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Furosemide

What works?

Learn more about the effects of these drugs. The most reliable research is summed up for you in our featured article.

By mouth

Furosemide belongs to a group of medicines called loop diuretics (also known as water pills). Furosemide is given to help treat fluid retention (edema)… Read more

Brand names include: Active-Medicated Specimen Collection Kit, Diuscreen Multi-Drug Medicated Test Kit

By injection

Furosemide injection is used to help treat fluid retention (edema) and swelling that is caused by congestive heart failure, liver disease (cirrhosis),… Read more

Brand names include: Furomide M.D., Furosemide Novaplus

Drug classes About this
Cardiovascular Agent

What works? Research summarized

Evidence reviews

Furosemide for prevention of morbidity in indomethacin‐treated infants with patent ductus arteriosus

There is no strong evidence of benefit from routine use furosemide, a loop diuretic, in preterm babies receiving indomethacin for treatment of patent ductus arteriosus. A blood vessel (ductus arteriosus), which is required for blood circulation for the fetus in the womb, closes soon after birth in babies born around the expected date of delivery (term infants). Babies born early (preterm) may develop symptoms if they do not close that blood vessel after birth. Preterm infants who have symptoms due to the ductus arteriosus may receive therapy (indomethacin) for closing that vessel. Indomethacin may decrease kidney function and the amount of urine. Furosemide, a medication which reduces body water (diuretic), might help limit the effects of indomethacin on the kidney. This review analyzed the effects of furosemide on preterm babies receiving indomethacin to close the ductus arteriosus. The review of trials found not enough evidence to recommend routine use of furosemide in preterm infants who receive indomethacin for closing a ductus arteriosus.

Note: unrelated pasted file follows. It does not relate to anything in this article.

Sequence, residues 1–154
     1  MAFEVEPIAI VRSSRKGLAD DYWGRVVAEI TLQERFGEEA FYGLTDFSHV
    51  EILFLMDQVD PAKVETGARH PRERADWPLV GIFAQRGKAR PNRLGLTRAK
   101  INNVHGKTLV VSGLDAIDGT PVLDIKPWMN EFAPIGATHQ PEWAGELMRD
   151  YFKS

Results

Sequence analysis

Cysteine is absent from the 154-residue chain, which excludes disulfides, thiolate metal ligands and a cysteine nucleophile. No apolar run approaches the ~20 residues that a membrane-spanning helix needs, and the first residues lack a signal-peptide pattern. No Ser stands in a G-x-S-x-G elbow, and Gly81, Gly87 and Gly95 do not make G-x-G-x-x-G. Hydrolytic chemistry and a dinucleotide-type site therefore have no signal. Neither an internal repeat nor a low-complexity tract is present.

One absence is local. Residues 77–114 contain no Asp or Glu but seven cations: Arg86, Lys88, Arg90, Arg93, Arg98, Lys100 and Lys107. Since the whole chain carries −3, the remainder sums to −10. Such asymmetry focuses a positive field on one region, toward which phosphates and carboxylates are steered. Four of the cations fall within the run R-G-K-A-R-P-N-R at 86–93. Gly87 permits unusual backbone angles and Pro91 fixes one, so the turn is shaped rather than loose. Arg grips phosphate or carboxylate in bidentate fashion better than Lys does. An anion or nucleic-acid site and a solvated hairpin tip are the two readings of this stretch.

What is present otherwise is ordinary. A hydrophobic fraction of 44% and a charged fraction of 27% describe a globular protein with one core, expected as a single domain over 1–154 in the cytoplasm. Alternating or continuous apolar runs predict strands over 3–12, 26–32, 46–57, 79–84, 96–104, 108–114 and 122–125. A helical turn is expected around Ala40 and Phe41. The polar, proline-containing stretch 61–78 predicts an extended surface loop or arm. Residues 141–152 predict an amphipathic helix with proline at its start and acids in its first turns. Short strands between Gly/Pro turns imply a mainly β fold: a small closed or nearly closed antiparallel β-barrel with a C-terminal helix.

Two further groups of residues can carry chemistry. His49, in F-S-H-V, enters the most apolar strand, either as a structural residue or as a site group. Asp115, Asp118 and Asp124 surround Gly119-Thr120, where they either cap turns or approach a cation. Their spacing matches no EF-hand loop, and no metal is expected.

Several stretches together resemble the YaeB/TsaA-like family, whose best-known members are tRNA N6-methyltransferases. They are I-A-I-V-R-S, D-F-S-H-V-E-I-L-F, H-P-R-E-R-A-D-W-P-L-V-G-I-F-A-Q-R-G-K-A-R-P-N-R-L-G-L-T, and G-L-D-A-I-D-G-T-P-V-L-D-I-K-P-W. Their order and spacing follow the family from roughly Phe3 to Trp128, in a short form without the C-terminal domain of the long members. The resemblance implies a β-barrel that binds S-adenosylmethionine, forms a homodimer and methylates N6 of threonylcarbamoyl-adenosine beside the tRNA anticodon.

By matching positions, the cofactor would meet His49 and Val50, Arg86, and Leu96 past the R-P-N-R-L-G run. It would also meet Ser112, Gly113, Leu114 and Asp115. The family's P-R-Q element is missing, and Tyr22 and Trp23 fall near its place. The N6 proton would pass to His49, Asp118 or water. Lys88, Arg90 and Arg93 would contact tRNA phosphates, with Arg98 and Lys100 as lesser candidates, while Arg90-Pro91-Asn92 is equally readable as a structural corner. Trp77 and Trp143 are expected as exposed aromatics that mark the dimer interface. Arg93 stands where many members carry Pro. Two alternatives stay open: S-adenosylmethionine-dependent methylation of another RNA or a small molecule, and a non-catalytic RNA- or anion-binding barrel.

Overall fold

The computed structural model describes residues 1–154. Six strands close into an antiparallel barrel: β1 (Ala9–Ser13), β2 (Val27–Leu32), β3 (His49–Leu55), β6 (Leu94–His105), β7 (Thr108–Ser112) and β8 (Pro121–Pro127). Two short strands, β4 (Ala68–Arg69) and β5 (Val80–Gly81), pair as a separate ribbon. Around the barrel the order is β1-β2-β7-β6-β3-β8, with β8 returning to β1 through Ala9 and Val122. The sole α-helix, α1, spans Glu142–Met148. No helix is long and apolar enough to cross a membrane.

Continuous infusion versus bolus injection of furosemide in critically ill patients. A systematic review and meta-analysis

Bibliographic details: Zangrillo A, Cabrini L, Monti G, Stefano T, Moizo E, Vinciguerra F, Frau G, Biondi-Zoccai G G.  Continuous infusion versus bolus injection of furosemide in critically ill patients. A systematic review and meta-analysis. Signa Vitae 2011; 6(2): 58-63 Available from: http://www.signavitae.com/articles/original-articles/180

Continuous infusion versus bolus injection of furosemide in pediatric patients after cardiac surgery: a meta-analysis of randomized studies

Bibliographic details: Zangrillo A, Cabrini L, Biondi-Zoccai GG, Monti G, Turi S, Sheiban I, Bignami E, Landoni G.  Continuous infusion versus bolus injection of furosemide in pediatric patients after cardiac surgery: a meta-analysis of randomized studies. Signa Vitae 2012; 7(1): 17-22 Available from: http://www.signavitae.com/articles/original-articles/199-continuous-infusion-versus-bolus-injection-of-furosemide-in-pediatric-patients-after-cardiac-surgery-a-meta-analysis-of-randomized-studies